SIMONSAnd, Natalie, there's obviously an educational component to your work. But how scary is a ghost tour and how is it scary? Do you use the jump scares or is it more of a -- is it the content that you're conveying?
ZANINWell, I think it's mostly the content, but there is an element of surprise built into the tour, because I come from a theatrical background. And having run events in haunted houses and house museums that was perfect. So I just brought that into the park. Nobody grabs you, though. Somebody might hand something to you and it's up to you whether you want to take it or not like a piece of paper.
SIMONSSo they don't come out of nowhere.
SIMONSThey reach out.
ZANINThere is a point where somebody just sort of materializes and I'm not going to say how that happens, but ...
SIMONSRight. We don't want to give away too much.
ZANINI just -- I always want to make sure that the Park Police and the Secret Service know that that's going to happen so that they're not seeing someone lurch out from behind a statue.
SIMONSWell, what's your ideal reaction from the audience?
ZANINI like people to be shocked, surprised.
SIMONSI think you'll get that.
ZANINThere is a point where there's usual a little scream. It happens. But it's not -- no one is going to grab you. So no one has ever tried to deck any of the actors.
SIMONSAwesome. Well, we will continue our conversation after a short break. Stay tuned.
SIMONSWelcome back. I'm Sasha-Ann Simons in for Kojo Nnamdi. We're talking with Natalie Zanin, a Drama Teacher and the Historic Interpreter at Ghost Story Tours of Washington. Lucas Cox is Co-Farmer-In-Chief at Cox Farms and Fields of Fear in Virginia. And Paul Brubacher is Vice President of Operations at Markoff's Haunted Forest in Maryland. And we're talking about, you guessed it, Halloween. Join us by calling 800-433-8850 or email us at email@example.com. Lucas, when you plan what a haunted event looks like, how scary is too scary and where do you draw the line?
COXWe are a high startle low gore haunt. So we don't have any gore, no blood, no guts or anything like that. What we go for is a scream then a laugh. So our actors, they are haunters. They materialize out of nowhere and just make everybody a big scream and then get out of there. So we're not looking to give people nightmares just to show people a good time.
SIMONSAnd you have a personal story about an unconventional scare that you had at a haunted house that you visited once. Can you tell us about that?
COXSure. So after we visited Markoff's and while I was doing research for our haunted house or our haunted attraction I went to this crazy place called Raven's Inn Grin in western Illinois. I was there in March. I was there by myself. And this guy had built a really impressive haunted house in his house including tunnels that went through the yard that he dug himself by hand.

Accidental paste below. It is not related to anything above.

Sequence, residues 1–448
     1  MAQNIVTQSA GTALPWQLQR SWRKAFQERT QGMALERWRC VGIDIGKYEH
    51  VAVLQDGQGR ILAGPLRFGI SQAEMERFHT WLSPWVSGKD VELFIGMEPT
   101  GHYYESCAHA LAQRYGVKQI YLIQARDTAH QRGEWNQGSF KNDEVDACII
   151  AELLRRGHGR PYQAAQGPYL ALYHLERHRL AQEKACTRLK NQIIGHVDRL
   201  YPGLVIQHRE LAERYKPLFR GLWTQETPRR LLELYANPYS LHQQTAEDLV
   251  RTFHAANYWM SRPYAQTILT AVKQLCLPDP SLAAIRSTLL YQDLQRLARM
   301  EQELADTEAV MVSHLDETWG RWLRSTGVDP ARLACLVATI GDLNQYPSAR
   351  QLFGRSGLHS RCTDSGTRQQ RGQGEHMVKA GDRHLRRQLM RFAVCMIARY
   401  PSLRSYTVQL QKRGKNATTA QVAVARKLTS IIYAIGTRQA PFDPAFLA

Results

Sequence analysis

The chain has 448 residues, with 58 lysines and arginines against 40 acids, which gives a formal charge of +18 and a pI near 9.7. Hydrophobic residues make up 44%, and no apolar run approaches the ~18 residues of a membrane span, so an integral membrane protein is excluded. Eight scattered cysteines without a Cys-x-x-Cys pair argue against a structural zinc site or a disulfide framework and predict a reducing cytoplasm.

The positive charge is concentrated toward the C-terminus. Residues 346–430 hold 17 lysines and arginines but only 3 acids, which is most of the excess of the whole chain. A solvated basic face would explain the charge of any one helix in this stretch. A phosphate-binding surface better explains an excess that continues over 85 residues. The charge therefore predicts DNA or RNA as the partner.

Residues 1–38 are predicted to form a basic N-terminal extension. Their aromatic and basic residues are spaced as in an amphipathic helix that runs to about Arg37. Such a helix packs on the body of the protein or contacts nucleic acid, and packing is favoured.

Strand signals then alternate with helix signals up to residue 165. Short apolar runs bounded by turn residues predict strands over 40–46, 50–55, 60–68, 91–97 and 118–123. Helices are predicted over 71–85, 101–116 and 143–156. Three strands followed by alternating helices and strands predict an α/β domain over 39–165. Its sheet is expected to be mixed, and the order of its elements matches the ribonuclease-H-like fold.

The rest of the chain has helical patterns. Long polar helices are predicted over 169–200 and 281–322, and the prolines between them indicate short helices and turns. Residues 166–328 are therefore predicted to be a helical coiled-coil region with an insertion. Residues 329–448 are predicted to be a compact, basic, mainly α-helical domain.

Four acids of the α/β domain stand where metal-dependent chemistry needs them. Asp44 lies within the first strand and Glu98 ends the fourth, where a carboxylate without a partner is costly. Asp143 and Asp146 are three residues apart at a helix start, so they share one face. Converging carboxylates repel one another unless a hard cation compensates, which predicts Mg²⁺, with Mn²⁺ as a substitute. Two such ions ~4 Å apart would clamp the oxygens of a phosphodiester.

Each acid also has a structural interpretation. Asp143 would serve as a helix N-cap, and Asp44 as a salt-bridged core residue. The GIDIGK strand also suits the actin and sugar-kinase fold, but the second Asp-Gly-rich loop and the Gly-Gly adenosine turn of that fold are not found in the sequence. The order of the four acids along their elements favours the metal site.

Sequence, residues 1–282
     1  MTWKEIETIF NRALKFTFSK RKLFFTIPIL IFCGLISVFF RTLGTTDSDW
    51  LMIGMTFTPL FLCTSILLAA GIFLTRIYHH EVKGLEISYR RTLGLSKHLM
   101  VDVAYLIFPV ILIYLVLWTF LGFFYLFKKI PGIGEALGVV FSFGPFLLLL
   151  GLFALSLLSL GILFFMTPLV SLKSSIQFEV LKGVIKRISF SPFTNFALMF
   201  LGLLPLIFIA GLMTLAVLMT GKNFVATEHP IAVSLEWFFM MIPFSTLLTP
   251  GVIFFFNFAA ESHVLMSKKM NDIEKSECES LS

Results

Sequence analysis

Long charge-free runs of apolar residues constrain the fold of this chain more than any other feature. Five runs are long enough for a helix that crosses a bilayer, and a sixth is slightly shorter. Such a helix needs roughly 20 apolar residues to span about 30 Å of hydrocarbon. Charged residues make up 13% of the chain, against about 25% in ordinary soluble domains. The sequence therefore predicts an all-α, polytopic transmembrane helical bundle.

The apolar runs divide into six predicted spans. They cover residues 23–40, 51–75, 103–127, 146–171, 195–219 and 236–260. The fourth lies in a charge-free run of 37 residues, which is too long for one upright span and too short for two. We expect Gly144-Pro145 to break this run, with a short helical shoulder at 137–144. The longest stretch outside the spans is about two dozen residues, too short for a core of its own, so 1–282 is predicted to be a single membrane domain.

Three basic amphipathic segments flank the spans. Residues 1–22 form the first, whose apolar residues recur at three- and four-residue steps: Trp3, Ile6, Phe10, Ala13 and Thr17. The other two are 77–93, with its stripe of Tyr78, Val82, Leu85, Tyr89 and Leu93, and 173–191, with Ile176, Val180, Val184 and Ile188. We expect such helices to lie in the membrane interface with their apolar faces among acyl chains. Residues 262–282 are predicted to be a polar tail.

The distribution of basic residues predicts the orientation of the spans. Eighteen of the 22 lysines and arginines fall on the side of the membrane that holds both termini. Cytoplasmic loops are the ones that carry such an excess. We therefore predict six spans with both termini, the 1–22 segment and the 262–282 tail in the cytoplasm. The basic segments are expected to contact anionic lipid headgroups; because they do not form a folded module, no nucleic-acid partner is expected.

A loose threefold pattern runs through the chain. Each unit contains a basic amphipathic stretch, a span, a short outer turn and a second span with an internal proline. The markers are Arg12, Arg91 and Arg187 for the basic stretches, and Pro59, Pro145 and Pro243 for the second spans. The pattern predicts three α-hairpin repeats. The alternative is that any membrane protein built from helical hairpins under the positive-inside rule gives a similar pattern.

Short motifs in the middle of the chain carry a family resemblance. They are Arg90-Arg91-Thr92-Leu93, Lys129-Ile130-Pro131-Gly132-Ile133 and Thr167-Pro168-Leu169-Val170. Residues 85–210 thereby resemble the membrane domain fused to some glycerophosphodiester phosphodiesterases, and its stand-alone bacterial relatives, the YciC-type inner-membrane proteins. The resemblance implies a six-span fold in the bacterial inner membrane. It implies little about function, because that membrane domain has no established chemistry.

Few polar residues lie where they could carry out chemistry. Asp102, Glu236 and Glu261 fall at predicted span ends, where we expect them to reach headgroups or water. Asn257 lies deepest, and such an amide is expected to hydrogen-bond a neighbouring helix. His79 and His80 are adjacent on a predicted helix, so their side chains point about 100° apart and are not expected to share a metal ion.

BRUBACHERWhat's the regulation on that?
COXOh, God, I don't know, but it was terrifying. Let me tell you.
SIMONSAnd you went there by yourself, doing research.
COXAnd in the middle of March and didn't actually tell anybody I was there. Yeah, it was terrifying. So he also had this one thing. He walked you into a bedroom and told you to lie down on the bed and then he pulled this lever. The bed went up at 45 degrees. And then you went through this really crazy three story slide into this really scary basement that he made you stand in -- for a couple of minutes. Anyway ...
SIMONSOh, my gosh. I would have checked out at the bed.
COXIt is amazing. It is amazing. So I was there and I told him what I was doing. I was doing research and everything and we had a nice conversation. He said, so one of the things I've learned is you can scare anybody with anything as long as you do it right. He held up this whole size six foot cutout of Pamela Anderson from Baywatch in her bathing suit, right? And he said, I'm going to scare you with this by the end of the haunt. And I said, I'm a professional guy. You've not going to do that. Come on. Sure enough. Halfway through the house he sends me down this hallway. It looks like it's just solid walls on either side. Halfway down this hallway one side is plexiglass he just slams this Pamela Anderson up against the other side of this plexiglass. It scared the bejesus out of me.
SIMONSThat sounds scary.
COXNo, it really got me. And I don't jump much.
COXYeah. So I tell that story to all my haunters and then they know that you can scare anybody with anything.
SIMONSLiterally. Darren emailed us. He said, we love Cox Farms. It has become an annual tradition. And the Cox Farms team are just fantastic with us and families of all ages. How does it feel hearing this kind of feedback?
COXIt feels great. I mean, that's what we live for.
SIMONSWho are your staffers there and the performers at Fields of Fear? Are they mostly volunteers or younger adults?